According to a preliminary report from the KNKT, the plane’s copilot, first officer Remi Emmanuel Plesel, was in control of the plane before it rapidly climbed and then stalled.

Capt. Iriyanto, an experienced former fighter pilot was serving in a supervising role at the time of the crash.

No cause for the crash has been determined, but officials have previously said inclement weather likely played a role.

Wednesday 4 March 2015

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Nine bodies retrieved from Donetsk mine

The bodies of nine miners have been found at a coal mine in the eastern Ukrainian rebel stronghold of Donetsk where a blast trapped dozens of people, the regional administration said.

The fate of another 23 miners remains unknown, the administration said in a statement. It said the total death toll, including one miner whose body was found earlier, had now reached 10 people.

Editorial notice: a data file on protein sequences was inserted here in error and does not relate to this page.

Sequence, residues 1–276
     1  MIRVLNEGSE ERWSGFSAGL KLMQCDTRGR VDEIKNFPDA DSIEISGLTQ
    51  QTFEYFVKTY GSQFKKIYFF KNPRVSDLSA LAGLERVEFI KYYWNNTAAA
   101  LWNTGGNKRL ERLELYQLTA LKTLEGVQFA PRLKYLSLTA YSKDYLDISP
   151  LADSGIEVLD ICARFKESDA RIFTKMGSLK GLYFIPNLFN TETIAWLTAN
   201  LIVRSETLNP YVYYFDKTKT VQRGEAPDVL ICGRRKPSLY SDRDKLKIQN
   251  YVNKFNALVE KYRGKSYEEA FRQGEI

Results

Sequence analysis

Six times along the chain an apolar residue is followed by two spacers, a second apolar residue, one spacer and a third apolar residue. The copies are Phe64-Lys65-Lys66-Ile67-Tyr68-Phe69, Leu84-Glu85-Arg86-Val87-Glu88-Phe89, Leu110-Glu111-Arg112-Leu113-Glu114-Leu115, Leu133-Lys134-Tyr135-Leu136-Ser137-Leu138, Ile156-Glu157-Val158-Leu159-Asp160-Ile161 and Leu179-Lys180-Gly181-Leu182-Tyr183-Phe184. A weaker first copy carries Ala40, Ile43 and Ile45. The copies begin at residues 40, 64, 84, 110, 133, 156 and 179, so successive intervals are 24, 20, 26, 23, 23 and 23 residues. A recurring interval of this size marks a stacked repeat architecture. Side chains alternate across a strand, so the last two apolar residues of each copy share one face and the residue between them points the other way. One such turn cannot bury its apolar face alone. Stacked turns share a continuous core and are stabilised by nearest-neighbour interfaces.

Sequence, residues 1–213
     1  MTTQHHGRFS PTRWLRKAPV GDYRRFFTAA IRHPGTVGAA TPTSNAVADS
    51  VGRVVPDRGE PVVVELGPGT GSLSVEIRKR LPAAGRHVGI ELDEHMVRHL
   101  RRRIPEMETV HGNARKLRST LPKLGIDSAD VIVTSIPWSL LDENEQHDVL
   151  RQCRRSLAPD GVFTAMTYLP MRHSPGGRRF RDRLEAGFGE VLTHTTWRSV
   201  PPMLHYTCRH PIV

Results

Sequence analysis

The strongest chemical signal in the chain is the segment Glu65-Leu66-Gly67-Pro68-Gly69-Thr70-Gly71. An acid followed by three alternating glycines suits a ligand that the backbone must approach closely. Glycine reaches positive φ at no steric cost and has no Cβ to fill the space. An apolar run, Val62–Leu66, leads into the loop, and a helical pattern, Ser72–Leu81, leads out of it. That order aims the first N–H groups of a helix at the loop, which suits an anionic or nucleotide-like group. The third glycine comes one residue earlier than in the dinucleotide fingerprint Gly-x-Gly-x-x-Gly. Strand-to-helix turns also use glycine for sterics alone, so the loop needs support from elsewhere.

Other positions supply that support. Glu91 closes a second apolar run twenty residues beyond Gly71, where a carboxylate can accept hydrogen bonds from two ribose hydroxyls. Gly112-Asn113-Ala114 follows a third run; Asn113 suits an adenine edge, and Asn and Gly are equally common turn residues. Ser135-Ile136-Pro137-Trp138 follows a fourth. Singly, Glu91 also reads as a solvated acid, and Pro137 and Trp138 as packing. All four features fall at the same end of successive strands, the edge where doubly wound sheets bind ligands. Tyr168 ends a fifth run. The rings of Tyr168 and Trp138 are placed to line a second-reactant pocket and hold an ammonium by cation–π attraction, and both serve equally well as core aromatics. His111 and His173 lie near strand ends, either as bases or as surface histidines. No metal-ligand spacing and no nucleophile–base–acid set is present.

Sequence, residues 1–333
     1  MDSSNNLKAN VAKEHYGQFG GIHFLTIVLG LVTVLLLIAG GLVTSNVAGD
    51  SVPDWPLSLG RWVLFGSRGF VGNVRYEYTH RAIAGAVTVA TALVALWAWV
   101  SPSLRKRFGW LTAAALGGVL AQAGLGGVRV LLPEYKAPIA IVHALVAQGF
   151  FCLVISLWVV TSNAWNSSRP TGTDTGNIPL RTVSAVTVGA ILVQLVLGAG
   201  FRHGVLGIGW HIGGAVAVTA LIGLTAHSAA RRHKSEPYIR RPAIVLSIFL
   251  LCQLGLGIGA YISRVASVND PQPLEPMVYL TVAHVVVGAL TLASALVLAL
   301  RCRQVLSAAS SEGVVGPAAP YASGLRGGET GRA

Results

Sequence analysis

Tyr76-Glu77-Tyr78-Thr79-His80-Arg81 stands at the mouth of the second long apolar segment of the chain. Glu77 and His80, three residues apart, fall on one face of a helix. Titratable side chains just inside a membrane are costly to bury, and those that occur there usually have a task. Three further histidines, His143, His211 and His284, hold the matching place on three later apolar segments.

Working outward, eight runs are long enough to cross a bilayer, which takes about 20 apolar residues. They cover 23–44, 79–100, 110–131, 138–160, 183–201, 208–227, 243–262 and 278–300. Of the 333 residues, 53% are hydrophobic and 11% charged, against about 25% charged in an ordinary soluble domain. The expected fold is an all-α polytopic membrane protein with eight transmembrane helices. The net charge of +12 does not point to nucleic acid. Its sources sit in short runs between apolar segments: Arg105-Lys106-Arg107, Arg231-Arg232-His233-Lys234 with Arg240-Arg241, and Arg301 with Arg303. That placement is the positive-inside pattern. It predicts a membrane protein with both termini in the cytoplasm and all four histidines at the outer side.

Mine officials said the explosion was most likely caused by gas and not linked to fighting at the nearby frontline in the war between Moscow-backed rebels and Ukraine government forces.

On Wednesday morning, an explosion occurred in the Zasyadko mine on DPR-controlled territory. According to the DPR Emergencies Ministry, 230 people were in the mine when the blast took place.

A source in Russian law enforcement agencies told RIA Novosti that almost 200 mine workers have already been evacuated while the fate of 32 people remains unknown.

"One hundred ninety-eight people, including 15 injured and 1 dead have been brought to the surface," the agency's source said. Following the blast, Ukrainian Prime Minister Arseniy Yatsenyuk said he had ordered rescue teams to be sent to the mine but the DPR authorities had denied them access.

However, DPR negotiator Denis Pushilin said that Kiev did not offer the self-proclaimed republic any help regarding the rescue operation.

Wednesday 4 March 2015